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Glucocorticoid discontinuation in patients with early rheumatoid and undifferentiated arthritis: a post-hoc analysis of the BeSt and IMPROVED studies
  1. Johanna Maria Maassen1,
  2. Raquel Dos Santos Sobrín2,
  3. Sytske Anne Bergstra1,
  4. Robbert Goekoop3,
  5. Tom W J Huizinga1,
  6. Cornelia F Allaart1
  1. 1Rheumatology, Leiden University Medical Center, Leiden, The Netherlands
  2. 2Rheumatology, Clinical University Hospital of Santiago de Compostela, Santiago de Compostela, Spain
  3. 3Rheumatology, HagaZiekenhuis, Den Haag, The Netherlands
  1. Correspondence to Dr Johanna Maria Maassen, Rheumatology, Leiden University Medical Center, Leiden 2333 ZA, The Netherlands; j.m.maassen{at}lumc.nl

Abstract

Objectives To evaluate the success rate of glucocorticoid discontinuation and to study which factors are associated with successful discontinuation.

Methods Data from two treat-to-target studies, BeSt (target Disease Activity Score (DAS) ≤2.4) and IMPROVED (target DAS <1.6), were evaluated for all patients initially treated with a tapered high dose of prednisone with conventional synthetic disease-modifying antirheumatic drugs. Prednisone was discontinued when DAS ≤2.4 was maintained for 28 weeks in BeSt and as soon as DAS was <1.6 in IMPROVED. Discontinuation was considered successful if the target was maintained at the next visit. Logistic regression analyses were performed to identify predictors of successful discontinuation. A mixed effects logistic regression model was used to assess whether primary versus secondary discontinuation was as successful.

Results In the BeSt study, 40% (47 of 93) of patients flared after primary prednisone discontinuation, and of the other 60% (56 of 93), 38% had to restart later. Of those who restarted (secondary discontinuation), 47% (17 of 35) again flared. In IMPROVED, after primary discontinuation 39% (158 of 400) flared, and of the other 61% (242 of 400), 40% had to restart later. After secondary discontinuation 49% (68 of 139) flared. Only in IMPROVED a secondary attempt was less successful (BeSt OR 0.71, p=0.45; IMPROVED OR 0.60, p=0.01). A lower DAS both at baseline and stop visit and male gender (in IMPROVED) were associated with successful primary discontinuation.

Conclusion Primary glucocorticoid discontinuation resulted in direct loss of disease control in approximately 40% and secondary in 50% of patients. ‘Standard’ baseline characteristics seem insufficient to personalise the duration of temporary glucocorticoid bridging, but the DAS at the time of discontinuation might provide guidance.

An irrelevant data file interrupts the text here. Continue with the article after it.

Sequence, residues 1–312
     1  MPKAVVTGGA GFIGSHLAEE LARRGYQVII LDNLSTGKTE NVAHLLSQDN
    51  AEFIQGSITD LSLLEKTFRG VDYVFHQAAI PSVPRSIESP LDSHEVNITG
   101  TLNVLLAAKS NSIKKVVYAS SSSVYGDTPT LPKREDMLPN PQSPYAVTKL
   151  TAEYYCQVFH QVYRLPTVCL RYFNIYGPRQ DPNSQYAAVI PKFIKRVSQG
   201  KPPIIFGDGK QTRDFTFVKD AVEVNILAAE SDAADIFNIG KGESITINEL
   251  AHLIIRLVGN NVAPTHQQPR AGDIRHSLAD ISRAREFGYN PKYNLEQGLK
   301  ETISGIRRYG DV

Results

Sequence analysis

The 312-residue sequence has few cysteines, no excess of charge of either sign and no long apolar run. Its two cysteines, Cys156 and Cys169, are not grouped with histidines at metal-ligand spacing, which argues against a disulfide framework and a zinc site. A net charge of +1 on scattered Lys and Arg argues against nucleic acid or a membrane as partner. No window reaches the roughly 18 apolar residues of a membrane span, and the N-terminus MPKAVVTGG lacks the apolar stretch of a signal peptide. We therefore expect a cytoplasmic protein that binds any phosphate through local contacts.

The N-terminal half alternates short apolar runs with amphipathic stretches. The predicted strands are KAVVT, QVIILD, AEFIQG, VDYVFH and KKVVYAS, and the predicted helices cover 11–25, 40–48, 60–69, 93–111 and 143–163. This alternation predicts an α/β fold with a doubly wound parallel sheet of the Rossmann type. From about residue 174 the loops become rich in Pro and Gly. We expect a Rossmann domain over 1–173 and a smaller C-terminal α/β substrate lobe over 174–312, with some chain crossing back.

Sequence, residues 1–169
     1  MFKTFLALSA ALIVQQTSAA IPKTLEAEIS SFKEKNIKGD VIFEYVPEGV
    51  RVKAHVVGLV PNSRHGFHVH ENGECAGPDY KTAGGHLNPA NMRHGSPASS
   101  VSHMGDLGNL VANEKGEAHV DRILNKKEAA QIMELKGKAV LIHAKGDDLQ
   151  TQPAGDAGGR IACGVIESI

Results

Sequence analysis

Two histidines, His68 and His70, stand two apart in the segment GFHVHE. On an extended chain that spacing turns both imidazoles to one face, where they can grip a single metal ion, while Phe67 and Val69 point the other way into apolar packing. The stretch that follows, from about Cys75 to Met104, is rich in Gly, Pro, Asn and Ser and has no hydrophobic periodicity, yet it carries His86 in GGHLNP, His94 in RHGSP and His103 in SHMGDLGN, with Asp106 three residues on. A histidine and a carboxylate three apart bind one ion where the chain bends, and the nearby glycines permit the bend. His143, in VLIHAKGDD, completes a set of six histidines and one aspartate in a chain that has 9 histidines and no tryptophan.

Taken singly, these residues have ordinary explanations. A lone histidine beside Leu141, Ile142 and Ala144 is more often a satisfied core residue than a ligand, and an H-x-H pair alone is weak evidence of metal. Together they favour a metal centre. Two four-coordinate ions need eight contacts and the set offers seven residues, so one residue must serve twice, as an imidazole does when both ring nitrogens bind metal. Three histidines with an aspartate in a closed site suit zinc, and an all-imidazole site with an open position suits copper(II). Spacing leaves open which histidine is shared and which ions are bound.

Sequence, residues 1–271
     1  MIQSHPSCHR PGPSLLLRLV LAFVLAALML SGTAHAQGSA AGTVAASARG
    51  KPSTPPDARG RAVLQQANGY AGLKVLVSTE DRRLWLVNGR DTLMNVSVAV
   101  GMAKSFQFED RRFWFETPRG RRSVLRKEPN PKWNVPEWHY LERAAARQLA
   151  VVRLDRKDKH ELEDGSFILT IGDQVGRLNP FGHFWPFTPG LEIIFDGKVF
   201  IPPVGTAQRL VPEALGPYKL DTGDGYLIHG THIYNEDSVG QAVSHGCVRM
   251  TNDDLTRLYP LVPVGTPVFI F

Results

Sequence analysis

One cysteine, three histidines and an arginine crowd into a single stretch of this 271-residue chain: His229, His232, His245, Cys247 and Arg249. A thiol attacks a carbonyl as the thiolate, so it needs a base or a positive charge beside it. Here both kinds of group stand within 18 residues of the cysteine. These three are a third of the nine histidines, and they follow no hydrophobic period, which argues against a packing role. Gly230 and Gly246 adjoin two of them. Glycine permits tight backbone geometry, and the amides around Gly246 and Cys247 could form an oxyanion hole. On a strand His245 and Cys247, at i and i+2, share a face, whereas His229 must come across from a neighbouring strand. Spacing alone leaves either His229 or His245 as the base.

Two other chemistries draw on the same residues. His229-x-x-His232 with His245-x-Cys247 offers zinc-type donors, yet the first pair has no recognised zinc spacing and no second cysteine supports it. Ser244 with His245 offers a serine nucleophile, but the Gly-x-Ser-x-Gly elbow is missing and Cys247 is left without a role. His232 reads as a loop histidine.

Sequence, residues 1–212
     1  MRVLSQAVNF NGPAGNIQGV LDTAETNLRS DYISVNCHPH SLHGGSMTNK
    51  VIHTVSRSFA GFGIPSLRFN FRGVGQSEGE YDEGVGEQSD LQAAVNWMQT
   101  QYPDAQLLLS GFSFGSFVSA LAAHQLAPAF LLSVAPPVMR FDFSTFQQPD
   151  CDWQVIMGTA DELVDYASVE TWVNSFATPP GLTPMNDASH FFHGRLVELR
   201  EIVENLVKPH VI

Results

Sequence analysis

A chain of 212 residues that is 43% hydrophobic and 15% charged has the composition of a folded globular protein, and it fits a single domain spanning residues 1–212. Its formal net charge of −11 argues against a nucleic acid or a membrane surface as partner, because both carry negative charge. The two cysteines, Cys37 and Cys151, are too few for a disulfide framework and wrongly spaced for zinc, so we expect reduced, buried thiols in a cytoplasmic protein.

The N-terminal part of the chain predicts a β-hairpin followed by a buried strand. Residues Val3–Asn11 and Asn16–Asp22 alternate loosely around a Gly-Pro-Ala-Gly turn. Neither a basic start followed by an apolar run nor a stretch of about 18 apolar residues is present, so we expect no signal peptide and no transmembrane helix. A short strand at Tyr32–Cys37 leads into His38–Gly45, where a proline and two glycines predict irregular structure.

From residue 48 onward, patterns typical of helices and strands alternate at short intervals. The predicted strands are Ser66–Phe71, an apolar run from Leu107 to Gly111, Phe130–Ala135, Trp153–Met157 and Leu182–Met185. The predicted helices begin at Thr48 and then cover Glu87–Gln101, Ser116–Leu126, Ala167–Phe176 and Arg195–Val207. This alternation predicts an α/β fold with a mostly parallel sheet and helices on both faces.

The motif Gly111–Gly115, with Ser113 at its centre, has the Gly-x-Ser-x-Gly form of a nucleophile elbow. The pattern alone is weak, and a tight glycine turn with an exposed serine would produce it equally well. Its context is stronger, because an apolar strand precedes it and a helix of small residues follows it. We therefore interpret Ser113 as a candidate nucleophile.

• rheumatoid arthritis
  • glucocorticoids
  • treatment

Data availability statement

Data are available upon reasonable request. The datasets used and/or analysed during the present study are available from the corresponding author on reasonable request.

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Data availability statement

Data are available upon reasonable request. The datasets used and/or analysed during the present study are available from the corresponding author on reasonable request.

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Footnotes

  • Handling editor Josef S Smolen

  • JMM and RDSS contributed equally.

  • Contributors JMM, RDSS, SAB and CFA contributed to the design, analysis and interpretation of the data. RG, TWJH and CFA contributed to data acquisition. JMM and RDSS drafted the manuscript. All authors critically revised the manuscript and read and approved the final version of the manuscript to be published.

  • Funding The BeSt study was designed by the investigators and supported by a government grant from the Dutch Insurance Companies, with additional funding from Schering-Plough and Janssen. Data collection, trial management, data analysis and preparation of the manuscript were performed by the authors. The IMPROVED study was designed by the investigators and financially supported by AbbVie in the first year. Trial management, data collection, data analysis and preparation of the manuscript were performed by the authors.

  • Competing interests None declared.

  • Provenance and peer review Not commissioned; externally peer reviewed.

  • Supplemental material This content has been supplied by the author(s). It has not been vetted by BMJ Publishing Group Limited (BMJ) and may not have been peer-reviewed. Any opinions or recommendations discussed are solely those of the author(s) and are not endorsed by BMJ. BMJ disclaims all liability and responsibility arising from any reliance placed on the content. Where the content includes any translated material, BMJ does not warrant the accuracy and reliability of the translations (including but not limited to local regulations, clinical guidelines, terminology, drug names and drug dosages), and is not responsible for any error and/or omissions arising from translation and adaptation or otherwise.

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